Getting high-speed rail built in America is a difficult challenge because of powerful interests in the energy and transportation industries working behind the scenes to influence federal and state transportation policy – preventing or delaying rail investment. This influence is exercised through direct political influence, national advertising campaigns, funding think tanks and constant negative messaging, social media, and more.
Despite all the negative influence and lack of federal leadership, rail is advancing faster than ever in America due to public demand – even without major investment. Driving peaked several years ago, while rail ridership has been rising ever since. Record local ballot initiatives are passing to fund rail at the local level, especially in places that have the worst congestion such as Los Angeles, which passed a record $120 billion. The people are clearly voting to tax themselves to invest in rail.
An entire generation of young Americans have rejected the car culture, preferring to live in walkable, vibrant cities and towns served by rail and bicycles, known as Transit Oriented Development (TOD). These places are now competitive with the suburbs as the most desirable places to live because they offer a more vibrant and relaxing lifestyle. They also offer a lot less of the daily pain of ‘endless congestion’ that comes with the suburbs and the car culture.
Congestion on America’s highways has reached unbearable levels where it routinely takes people hours to go short distances. Since rail is not an option right now for most Americans, the only other alternative is flying. But it has also become a major hassle to fly anywhere – with delays and cancellations routine, and passenger comforts and personal space eliminated.
High-speed rail is the first new form of transport to come along in America that can change all this by transforming the entire travel experience. After decades of resistance, America is now on the verge of a paradigm shift from the car culture to the rail and TOD culture. While this is normal city living in Europe, for America this is pretty radical considering that more than 70% of Americans live in suburbs and get around daily by car.
Luckily, California is leading the nation on a new course of 21st century rail transportation. As mentioned previously, getting the first high-speed rail into construction was an incredible feat of political will and leadership in the ‘auto nation’ that America has become. Now that California is well underway, this will encourage other states to follow suit so they too can share in the benefits high-speed rail delivers.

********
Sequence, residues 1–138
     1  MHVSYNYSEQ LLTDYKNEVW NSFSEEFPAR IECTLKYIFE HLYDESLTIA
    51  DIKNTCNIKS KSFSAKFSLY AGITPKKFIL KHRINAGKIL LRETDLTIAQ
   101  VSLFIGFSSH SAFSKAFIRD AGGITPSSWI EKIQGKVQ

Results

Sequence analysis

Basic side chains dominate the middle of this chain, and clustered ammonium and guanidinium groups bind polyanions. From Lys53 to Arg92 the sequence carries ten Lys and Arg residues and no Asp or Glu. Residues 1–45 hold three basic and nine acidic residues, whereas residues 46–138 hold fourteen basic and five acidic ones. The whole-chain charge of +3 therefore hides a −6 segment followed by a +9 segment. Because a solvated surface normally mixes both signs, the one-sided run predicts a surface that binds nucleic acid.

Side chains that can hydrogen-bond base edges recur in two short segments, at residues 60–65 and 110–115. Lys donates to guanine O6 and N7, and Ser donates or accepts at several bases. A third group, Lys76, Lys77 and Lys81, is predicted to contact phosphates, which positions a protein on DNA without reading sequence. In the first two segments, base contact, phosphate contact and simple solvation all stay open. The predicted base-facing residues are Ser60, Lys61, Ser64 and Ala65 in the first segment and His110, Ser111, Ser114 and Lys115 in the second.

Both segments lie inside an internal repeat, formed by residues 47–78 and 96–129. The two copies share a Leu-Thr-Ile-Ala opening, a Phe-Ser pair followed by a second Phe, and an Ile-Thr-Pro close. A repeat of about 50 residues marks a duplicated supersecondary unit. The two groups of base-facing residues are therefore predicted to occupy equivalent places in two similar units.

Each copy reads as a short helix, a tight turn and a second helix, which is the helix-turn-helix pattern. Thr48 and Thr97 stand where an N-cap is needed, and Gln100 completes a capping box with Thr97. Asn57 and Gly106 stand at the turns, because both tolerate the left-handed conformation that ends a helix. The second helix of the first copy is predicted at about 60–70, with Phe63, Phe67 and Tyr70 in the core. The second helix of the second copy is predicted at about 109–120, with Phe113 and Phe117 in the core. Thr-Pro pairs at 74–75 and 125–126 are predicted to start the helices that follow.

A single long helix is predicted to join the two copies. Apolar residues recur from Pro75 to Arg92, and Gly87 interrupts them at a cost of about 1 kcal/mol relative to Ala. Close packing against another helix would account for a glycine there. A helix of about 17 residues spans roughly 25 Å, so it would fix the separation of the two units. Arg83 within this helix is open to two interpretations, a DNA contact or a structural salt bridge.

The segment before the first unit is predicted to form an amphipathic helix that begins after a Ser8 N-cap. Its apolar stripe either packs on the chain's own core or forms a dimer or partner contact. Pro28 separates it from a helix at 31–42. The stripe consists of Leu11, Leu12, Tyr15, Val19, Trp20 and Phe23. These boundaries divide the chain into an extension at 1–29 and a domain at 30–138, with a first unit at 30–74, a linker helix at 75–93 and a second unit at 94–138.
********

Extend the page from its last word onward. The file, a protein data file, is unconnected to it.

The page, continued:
There are three other major high-speed rail projects in the works right now, in addition to California, and a new investment-grade ridership study that was just released for potential high-speed rail ridership between Las Vegas and Los Angeles. This includes the Xpress West project as part of the larger rail line. The study released by the High Desert Corridor Joint Powers Authority revealed more than $1 billion in potential revenue from high-speed rail operations in the heavily travelled corridor. The study has already raised the interest of international investors in the project.
The other two high-speed rail projects advancing include the Texas Central project that will connect Dallas and Houston with 200mph trains. This project has been advancing through the planning, route studies, and environmental approvals, and could begin construction as early as this year. Also moving along are upgrades to the Northeast Corridor that include a number of phases. A new fleet of high-speed trains from Alstom have been ordered to replace the aging Acela fleet. Replacing the New Jersey/New York tunnels is moving to high priority, as is a major renovation and expansion of DC’s Union Station, and several other stations. Additional phases include upgrading other tunnels and bridges, and eventually the entire corridor to accommodate 220mph trains between DC, New York City and Boston.